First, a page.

Police: Increasing gun violence in Miami-Dade fueled by trash talk on social media

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Bullets, blood and death. A rash of shootings have been stealing lives and a sense of security in South Florida.

Ambush-style targeted attacks, many of them drive-by shootings, involving multiple gunmen caring nothing about innocent lives in their way.

With recent shootings in Kendall, Northwest Miami-Dade, Midtown and Wynwood, no area is off-limits, and that’s because today’s retaliation has nothing to do with turf.

“It’s about disrespect,” said Miami Police Chief Art Acevedo. “It’s about trying to get a street name for yourself. It’s about trying to get that reputation in the streets about being a tough guy.”

And Miami’s police chief says it’s all fueled by what’s posted online.

“They go on social media, they call each other out on social media,” Acevedo said. “There have been instances where we could predict what’s going to happen and who’s going to be targeted by looking at what they are seeing and posting on social media.”

Miami-Dade County is seeing the same trend.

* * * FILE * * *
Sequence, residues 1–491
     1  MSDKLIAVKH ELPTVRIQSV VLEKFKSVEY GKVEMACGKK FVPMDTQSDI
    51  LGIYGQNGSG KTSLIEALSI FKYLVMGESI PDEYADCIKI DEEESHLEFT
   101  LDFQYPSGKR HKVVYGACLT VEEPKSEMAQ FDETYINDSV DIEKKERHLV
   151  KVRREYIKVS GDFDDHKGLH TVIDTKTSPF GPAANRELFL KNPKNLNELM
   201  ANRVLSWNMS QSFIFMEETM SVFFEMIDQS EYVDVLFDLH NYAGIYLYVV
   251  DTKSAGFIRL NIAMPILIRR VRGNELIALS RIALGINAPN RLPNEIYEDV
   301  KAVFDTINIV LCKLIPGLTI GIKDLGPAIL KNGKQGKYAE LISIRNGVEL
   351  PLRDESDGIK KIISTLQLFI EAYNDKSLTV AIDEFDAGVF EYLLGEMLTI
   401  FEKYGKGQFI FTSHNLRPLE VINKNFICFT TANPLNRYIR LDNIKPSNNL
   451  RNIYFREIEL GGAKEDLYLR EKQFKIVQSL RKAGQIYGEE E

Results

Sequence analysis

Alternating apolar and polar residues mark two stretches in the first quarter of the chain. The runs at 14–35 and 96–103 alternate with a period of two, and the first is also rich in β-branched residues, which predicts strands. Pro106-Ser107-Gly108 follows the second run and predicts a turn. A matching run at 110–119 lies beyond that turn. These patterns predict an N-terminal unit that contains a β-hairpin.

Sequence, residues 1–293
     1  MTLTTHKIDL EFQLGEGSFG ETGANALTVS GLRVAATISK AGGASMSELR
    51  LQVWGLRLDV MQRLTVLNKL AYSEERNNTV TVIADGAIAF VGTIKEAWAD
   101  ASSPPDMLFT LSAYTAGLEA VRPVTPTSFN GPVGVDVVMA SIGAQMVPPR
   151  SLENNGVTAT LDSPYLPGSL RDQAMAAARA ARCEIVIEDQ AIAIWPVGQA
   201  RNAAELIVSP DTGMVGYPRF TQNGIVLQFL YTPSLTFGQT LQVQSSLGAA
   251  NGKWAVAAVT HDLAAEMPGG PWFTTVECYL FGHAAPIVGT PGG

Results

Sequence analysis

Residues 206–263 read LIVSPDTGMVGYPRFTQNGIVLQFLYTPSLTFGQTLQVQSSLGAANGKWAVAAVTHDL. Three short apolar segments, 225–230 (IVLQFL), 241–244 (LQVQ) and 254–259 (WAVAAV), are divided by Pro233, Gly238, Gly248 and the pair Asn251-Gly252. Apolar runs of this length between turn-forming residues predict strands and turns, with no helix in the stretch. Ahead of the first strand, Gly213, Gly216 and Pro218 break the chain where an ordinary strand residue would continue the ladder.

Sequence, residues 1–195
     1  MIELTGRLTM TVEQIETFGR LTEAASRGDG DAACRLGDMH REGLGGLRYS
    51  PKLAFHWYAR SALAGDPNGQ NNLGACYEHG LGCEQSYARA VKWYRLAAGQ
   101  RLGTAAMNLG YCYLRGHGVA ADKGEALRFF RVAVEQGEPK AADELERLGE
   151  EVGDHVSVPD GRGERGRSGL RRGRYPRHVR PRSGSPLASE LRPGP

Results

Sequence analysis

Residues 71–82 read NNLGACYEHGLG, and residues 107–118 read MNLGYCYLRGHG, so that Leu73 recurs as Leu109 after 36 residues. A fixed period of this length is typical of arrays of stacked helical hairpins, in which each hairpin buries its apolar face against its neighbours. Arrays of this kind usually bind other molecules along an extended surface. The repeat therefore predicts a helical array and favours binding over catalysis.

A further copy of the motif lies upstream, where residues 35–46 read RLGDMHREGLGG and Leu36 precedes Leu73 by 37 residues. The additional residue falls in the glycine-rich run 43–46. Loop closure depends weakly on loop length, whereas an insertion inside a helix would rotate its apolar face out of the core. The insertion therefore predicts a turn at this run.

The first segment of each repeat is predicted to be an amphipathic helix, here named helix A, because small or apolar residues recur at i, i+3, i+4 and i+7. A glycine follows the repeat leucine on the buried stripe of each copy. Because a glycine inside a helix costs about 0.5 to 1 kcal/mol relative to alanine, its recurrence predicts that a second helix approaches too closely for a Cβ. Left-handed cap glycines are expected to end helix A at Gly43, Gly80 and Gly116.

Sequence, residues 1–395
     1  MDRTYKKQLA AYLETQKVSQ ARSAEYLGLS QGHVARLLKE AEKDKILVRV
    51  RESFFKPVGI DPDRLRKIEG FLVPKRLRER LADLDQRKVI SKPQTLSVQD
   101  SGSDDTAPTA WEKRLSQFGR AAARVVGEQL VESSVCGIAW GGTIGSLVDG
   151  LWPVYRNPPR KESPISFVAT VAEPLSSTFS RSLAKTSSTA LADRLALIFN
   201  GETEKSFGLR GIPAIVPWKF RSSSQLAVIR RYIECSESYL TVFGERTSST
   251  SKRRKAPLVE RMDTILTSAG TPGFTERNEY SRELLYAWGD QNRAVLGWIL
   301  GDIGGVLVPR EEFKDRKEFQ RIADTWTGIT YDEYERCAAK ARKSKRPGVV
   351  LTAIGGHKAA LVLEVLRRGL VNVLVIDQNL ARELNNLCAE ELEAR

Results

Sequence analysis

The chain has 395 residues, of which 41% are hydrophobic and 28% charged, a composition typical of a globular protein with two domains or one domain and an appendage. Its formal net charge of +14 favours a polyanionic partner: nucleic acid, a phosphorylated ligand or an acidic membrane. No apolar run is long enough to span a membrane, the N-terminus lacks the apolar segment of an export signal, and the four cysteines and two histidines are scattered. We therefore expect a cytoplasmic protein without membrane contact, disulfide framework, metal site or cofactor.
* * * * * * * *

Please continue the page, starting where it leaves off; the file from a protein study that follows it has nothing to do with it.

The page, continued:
“What’s really the engine is what they are saying in their rap songs, or what they are posting on videos that are trigger words that create a retaliation,” said Miami-Dade Police Department Director Alfredo Ramirez.

“It’s despicable that it’s because of whatever reason you have or issue you have with these people. Look at what you’re causing to this community,” said Miami-Dade Police Maj. Jorge Aguiar.

“We know about all groups, but it’s hard to predict what the groups are going to do,” Ramirez said. “That’s why we need people to come forward and let us know.”

In response to the recent rash of shootings, Miami-Dade Police launched a county-wide effort focused on gun violence: Operation Summer Heat.

A video posted to Twitter Tuesday showed the weapons they confiscated since the campaign started.

But there are still plenty of guns in the wrong hands, and the killings keep coming.

“It’s madness. We are at a war here,” said an anonymous neighbor.

The latest shooting happened early Tuesday morning in Brownsville.

“All I heard was ‘Dun! Dun! Dun! Dun! Dun! Bam! Bam! Bam!’” a neighbor said, “rapid shooting.”

The shooting left two more people killed in South Florida.

“Another shooting in Miami. Another killing is all we can sit here and say. What is going on?” the man said.

Miami’s police chief said the people doing the shooting aren’t afraid to die. They are afraid of jail, however. He said until we start keeping repeat offenders in jail, this will continue to be a very tough battle not just here but across the country.

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